One of Monoyios’ contributions to the exhibit was inspired by the tradition of quilting. She started quilting with plastic as an homage to the material’s durability and the prevalence of plastic “scraps” in today’s world. She also incorporates dental floss, plastic mesh bags, and contact lens packaging into her pieces for this exhibit.
Monoyios hopes the exhibit will raise questions and maybe even inspire action. “When you open your eyes and see how plastic makes our lives possible, it becomes harder to ask for an all-out ban. Instead I think we need to ask ourselves, ‘What are good uses of plastic?’ And then we need to demand better choices from the industry,” she says.Monoyios majored in geology at Princeton, but coming from a family steeped in the arts (her mother, Ann Monoyios ’72 *74, majored in musicology at Princeton) she also felt drawn to creative callings. She took drawing and printmaking classes at Princeton. She says her printmaking teacher, Betsey Garand, invited her to the department’s lecture series, which had a lasting impact. “Betsey planted the seed that grew into this tree,” Monoyios says.
Monoyios says some of her most exciting professional experiences involve the intersection of science and art. For 11 years, she worked in Professor Neil Shubin’s lab in the Department of Organismal Biology and Anatomy at the University of Chicago, first as a fossil preparator and then as a scientific illustrator.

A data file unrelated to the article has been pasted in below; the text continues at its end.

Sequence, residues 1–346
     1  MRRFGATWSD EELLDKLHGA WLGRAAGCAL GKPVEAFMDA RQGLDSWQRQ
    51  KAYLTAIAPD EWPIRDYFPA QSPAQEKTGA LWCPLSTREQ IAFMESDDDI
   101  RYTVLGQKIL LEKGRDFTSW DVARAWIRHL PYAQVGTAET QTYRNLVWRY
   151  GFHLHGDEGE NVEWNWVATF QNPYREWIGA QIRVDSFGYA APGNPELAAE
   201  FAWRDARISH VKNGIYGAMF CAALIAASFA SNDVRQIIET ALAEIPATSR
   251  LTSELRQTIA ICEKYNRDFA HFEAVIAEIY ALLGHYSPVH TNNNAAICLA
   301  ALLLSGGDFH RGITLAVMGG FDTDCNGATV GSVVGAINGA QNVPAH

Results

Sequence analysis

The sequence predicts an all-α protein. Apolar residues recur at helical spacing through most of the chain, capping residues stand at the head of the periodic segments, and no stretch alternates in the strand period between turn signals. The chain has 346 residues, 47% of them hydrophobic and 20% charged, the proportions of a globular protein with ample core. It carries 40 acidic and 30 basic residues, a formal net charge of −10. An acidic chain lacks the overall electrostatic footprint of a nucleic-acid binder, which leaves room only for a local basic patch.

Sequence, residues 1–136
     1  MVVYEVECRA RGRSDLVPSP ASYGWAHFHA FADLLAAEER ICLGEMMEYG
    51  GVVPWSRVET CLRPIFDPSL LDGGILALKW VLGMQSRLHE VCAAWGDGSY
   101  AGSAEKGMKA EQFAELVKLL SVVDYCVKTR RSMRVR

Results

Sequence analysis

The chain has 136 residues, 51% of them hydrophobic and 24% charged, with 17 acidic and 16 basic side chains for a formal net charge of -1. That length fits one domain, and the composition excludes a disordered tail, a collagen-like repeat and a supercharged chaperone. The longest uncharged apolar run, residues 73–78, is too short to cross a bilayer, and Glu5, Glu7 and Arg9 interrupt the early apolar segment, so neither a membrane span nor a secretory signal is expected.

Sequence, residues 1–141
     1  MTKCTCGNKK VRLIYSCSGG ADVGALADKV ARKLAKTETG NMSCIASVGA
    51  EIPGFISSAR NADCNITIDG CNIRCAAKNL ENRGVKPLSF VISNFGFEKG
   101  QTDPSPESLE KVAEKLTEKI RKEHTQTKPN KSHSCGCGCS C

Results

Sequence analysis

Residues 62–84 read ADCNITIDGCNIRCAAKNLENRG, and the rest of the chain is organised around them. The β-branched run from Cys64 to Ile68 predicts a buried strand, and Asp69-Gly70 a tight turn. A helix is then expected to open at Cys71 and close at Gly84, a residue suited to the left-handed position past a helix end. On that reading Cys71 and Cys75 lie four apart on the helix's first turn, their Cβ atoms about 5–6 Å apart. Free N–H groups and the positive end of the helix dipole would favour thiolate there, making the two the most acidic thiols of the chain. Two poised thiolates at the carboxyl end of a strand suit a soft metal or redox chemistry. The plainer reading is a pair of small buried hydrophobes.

“I was the first person to illustrate Tiktaalik roseae [a fossil fish which was discovered in the Canadian Arctic in 2004],” she says. “That was thrilling. There were 375 million year old bones being unearthed at the desk next to me, and we were some of the first people to lay eyes on that.” Her illustration was published in Nature, with an article that was co-authored by Shubin.
She went on to illustrate numerous scientific articles and books including Shubin’s 2008 award-winning, Your Inner Fish: A Journey into the 3.5-Billion-Year-History of the Human Body.
“It really shaped my thinking for the next decade or so of work,” she says of the project. “It was the first time I was really thinking of how to distill these very complex scientific concepts ... in a way that is not intimidating or doesn’t scream out, ‘this is a science book.’”